Laws protect the rights of a nation's citizens, but with regards to American slavery, were used as a tool to advance both pro- and anti-slavery efforts. Our understanding of the arc of American slavery and its aftermath is informed, in part, by the push and pull of laws that mark shifting social, political and economic environments. For instance, the Missouri Compromise of 1820 added Missouri as a slave state and Maine as a free state. This guaranteed equal slave-state to free-state representation in the United States Senate, and also imposed geographical restrictions on where slavery could be practiced. By 1854, with two new territories entering statehood, the Kansas-Nebraska Act repealed the Missouri Compromise (and its restrictions), thus adding fresh fuel to the pro/anti-slavery discourse leading up to the Civil War.
Looking at history solely through the prism of federal law in part distances us from the events that played out in city and county courts across the U.S. It is through primary evidence that we begin to understand the struggle for African Americans to claim rights secured by law. By looking at these documents we improve our understanding of what it meant to be enslaved versus free. Special Collections and Archives holds three collections of legal records documenting slavery and freedom through the Civil War.
The Legal and Financial Documents on Slaves and Slavery in the United States Collection, 1756-1869 contains bills of sale, bonds, writs, promissory notes, summons, wills of slave owners and slave inventories. Largely abundant are records from Alabama and other south eastern states. These records document the experience of slaves as a commodity undergoing legal valuations and appraisals as estate property. Like other commodities, slaves were bought, sold, rented and redistributed. Hand-written contracts in the collection document agreed prices and payments made to slave owners for the temporary services of slaves. These documents reveal the stark realities of the slave trade.
As more territories entered into statehood, the number of free states increased. New legal restrictions confining the slave trade (such as the ban on slave importation in 1808), left many free individuals as targets, vulnerable to having their status questioned. Without personal documentation to prove one's status, free individuals often required witnesses to vouch for their identity or face consequences. This resulted in a period of black dependency on others for their own security. The Free Status Affidavits Collection, 1817-1857 contains five affidavits of black individuals legally proving their free status. The collection consists of statements made under oath by witnesses on the behalf of the persons in question and written under judicial authority.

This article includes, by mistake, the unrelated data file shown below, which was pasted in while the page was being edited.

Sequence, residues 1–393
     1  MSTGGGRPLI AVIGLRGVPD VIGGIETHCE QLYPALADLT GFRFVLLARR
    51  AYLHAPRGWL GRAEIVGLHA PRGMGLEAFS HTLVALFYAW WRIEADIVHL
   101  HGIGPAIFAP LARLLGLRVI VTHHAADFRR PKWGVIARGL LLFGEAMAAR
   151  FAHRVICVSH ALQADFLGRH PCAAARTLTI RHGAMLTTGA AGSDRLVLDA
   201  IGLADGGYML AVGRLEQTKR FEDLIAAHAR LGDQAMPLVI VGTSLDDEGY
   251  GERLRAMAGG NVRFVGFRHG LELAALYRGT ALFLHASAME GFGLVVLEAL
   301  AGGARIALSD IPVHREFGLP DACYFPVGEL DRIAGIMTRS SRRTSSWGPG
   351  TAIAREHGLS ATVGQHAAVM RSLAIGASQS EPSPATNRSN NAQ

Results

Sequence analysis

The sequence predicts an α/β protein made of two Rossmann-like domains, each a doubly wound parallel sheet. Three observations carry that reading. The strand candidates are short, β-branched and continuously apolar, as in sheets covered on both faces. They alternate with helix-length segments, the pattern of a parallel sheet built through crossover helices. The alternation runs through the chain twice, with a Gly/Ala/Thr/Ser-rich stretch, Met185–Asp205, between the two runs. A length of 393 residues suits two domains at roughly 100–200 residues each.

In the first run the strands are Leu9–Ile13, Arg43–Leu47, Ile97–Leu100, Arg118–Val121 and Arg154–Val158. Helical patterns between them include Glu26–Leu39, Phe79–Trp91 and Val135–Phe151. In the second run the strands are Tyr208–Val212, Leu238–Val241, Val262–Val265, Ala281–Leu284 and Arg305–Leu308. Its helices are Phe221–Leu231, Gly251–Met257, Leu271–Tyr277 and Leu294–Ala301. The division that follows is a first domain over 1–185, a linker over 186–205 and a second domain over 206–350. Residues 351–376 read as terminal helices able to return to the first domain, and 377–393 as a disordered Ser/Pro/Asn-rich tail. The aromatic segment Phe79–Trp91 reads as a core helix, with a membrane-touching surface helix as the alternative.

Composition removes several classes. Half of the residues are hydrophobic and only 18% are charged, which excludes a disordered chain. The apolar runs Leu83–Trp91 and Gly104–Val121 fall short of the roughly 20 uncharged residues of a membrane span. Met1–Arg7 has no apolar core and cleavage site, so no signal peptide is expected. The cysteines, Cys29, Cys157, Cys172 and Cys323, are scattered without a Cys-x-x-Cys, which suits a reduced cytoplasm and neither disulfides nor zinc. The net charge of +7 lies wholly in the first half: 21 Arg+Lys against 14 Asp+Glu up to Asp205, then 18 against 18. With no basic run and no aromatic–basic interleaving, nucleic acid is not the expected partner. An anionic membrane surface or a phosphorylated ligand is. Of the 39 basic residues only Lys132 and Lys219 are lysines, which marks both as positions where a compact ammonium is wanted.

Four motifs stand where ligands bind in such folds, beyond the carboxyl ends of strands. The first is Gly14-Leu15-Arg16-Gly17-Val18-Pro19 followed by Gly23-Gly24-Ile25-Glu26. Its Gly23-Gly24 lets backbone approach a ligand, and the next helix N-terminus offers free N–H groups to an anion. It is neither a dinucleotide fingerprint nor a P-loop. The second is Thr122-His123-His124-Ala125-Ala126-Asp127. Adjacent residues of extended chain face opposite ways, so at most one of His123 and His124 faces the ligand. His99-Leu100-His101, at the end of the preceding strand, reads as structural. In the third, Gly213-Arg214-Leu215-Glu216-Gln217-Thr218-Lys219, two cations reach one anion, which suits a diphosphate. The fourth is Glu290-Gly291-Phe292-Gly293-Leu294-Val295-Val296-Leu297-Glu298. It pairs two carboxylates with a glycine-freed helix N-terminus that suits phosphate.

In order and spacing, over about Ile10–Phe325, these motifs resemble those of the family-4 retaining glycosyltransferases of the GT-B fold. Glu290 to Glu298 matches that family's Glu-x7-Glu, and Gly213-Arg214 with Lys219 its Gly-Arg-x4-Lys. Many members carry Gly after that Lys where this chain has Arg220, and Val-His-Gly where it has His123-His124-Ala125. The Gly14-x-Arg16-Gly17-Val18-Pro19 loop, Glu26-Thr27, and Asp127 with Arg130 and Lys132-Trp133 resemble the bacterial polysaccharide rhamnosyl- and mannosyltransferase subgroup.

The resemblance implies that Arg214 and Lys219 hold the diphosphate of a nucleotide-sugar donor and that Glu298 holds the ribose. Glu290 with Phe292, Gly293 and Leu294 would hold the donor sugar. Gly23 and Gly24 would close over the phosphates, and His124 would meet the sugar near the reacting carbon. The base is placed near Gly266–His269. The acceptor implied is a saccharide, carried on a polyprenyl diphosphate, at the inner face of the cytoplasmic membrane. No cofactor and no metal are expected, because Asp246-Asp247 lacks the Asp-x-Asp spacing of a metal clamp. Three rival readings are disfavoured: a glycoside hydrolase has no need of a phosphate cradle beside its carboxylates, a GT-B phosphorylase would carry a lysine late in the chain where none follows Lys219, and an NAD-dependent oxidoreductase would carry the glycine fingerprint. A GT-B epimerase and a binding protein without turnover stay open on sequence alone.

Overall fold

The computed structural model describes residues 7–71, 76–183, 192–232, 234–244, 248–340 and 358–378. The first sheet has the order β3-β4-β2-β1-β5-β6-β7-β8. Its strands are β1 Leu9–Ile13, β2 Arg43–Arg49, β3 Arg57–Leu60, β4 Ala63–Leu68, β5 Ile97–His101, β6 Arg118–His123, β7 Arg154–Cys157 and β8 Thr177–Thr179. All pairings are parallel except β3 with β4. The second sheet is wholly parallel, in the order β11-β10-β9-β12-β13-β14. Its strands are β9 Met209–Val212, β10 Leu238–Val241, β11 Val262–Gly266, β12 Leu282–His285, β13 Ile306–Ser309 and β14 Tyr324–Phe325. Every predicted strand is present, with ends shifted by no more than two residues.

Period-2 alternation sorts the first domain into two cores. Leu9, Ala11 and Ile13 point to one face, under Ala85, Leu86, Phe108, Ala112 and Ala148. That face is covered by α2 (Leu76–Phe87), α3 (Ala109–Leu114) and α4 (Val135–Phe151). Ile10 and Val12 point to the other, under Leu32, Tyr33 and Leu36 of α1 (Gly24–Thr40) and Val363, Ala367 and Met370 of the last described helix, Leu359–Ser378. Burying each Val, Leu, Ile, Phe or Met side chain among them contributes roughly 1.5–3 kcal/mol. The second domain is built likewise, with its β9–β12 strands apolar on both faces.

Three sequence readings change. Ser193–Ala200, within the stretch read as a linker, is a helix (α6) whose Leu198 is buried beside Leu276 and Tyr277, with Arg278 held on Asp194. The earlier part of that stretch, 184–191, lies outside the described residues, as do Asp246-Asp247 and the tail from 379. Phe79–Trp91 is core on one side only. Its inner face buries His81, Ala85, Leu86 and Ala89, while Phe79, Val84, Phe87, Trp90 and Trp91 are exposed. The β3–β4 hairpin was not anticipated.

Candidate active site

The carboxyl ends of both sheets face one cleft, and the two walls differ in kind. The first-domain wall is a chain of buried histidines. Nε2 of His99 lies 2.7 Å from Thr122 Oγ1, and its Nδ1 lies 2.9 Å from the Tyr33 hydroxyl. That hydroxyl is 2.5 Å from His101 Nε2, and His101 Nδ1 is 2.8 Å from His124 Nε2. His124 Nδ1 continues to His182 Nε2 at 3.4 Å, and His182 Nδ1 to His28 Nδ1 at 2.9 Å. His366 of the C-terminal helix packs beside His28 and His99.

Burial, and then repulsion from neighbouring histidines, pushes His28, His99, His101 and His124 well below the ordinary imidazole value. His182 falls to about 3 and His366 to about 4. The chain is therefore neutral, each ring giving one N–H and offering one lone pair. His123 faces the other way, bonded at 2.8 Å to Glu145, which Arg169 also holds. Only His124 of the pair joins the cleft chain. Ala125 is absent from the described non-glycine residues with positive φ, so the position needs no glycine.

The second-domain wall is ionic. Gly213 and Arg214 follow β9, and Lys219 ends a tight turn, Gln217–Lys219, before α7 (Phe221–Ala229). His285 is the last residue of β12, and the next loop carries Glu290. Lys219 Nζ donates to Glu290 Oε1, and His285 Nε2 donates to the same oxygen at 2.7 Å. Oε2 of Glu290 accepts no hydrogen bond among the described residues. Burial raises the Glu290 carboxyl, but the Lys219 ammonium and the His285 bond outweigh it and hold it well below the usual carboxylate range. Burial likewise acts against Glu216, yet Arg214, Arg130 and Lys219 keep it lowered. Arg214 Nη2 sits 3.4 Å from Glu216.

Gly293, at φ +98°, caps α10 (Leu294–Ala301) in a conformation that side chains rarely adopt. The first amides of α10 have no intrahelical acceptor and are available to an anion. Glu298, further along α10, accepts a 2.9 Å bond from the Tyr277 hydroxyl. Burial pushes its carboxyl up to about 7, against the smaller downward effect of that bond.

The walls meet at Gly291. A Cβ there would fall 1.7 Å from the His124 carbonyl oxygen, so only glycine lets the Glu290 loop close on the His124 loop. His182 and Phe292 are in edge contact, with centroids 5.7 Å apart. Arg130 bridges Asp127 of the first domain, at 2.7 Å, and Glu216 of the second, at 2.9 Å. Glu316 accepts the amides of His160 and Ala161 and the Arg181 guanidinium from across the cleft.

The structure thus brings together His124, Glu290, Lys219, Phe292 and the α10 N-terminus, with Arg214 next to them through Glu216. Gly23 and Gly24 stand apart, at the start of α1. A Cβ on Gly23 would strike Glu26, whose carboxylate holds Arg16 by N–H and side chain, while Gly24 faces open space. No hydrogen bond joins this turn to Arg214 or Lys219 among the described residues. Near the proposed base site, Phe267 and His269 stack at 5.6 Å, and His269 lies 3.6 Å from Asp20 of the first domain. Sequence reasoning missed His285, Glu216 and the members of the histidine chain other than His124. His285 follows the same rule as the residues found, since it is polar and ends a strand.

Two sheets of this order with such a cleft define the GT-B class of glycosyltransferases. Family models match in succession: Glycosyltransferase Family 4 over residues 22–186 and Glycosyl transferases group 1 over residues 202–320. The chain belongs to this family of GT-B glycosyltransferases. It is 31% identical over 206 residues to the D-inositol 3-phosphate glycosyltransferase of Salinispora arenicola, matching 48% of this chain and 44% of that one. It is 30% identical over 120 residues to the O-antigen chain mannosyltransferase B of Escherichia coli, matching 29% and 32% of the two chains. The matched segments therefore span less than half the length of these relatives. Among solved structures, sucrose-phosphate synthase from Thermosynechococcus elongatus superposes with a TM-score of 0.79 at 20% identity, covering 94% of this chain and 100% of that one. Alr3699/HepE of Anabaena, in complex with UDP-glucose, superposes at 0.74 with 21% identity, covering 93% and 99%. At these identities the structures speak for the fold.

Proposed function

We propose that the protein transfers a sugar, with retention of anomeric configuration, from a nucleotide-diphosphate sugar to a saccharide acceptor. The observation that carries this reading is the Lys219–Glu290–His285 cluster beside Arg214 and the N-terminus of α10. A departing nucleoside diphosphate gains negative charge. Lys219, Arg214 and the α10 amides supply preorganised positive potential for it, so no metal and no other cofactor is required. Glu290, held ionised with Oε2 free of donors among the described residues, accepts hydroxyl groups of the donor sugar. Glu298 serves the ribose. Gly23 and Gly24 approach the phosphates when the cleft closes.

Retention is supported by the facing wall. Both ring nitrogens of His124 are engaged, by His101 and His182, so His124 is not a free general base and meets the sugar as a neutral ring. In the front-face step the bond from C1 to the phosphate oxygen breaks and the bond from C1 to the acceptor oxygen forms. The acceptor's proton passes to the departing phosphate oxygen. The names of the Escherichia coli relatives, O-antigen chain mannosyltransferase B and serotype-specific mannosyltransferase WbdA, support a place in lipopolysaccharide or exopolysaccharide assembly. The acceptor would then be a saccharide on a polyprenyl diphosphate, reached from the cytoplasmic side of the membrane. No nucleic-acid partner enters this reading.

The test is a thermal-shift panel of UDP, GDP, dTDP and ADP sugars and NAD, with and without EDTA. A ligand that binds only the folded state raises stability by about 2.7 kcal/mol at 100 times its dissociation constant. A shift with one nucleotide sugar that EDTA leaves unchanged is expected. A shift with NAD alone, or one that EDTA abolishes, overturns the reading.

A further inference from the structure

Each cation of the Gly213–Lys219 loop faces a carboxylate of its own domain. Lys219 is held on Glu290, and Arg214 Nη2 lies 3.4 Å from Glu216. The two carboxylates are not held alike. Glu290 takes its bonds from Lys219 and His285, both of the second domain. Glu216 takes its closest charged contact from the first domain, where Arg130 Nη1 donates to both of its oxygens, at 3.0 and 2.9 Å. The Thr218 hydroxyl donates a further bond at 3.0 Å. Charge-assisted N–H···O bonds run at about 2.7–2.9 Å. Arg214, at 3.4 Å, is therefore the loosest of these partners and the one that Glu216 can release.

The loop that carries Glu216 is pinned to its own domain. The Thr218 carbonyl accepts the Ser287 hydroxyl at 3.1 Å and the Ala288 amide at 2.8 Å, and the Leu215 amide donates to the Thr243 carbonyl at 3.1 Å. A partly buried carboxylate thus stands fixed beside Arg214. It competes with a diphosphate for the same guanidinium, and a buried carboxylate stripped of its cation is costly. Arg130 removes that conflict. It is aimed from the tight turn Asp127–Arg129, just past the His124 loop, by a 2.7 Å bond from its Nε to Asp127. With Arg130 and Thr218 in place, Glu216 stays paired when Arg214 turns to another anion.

Immediately following the Civil War, African Americans continued to endure abuse. Though the 13th Amendment abolished slavery, it could not effectively protect free-born blacks and former slaves from harassment and mistreatment, particularly in areas that were politically opposed to abolition and equal rights. The Captain William Royal Journal and Account Book, 1867-1883 documents the efforts of a local Georgian official in monitoring the peace between African-American and White communities. Captain Royal’s journal includes complaints of abuse and illegal activities perpetrated against African Americans. The journal illustrates the deep animosity felt by whites towards the African-American community in the South after the war.
These collections provide us with evidence of slavery and freedom in the United States, and exhibit the role laws have played in both the institutionalization of slavery and its destruction. Slavery's social, political, and economic consequences continued into the modern era. Indeed, laws regarding segregation, civil rights, affirmative action, and other policies are still relevant today.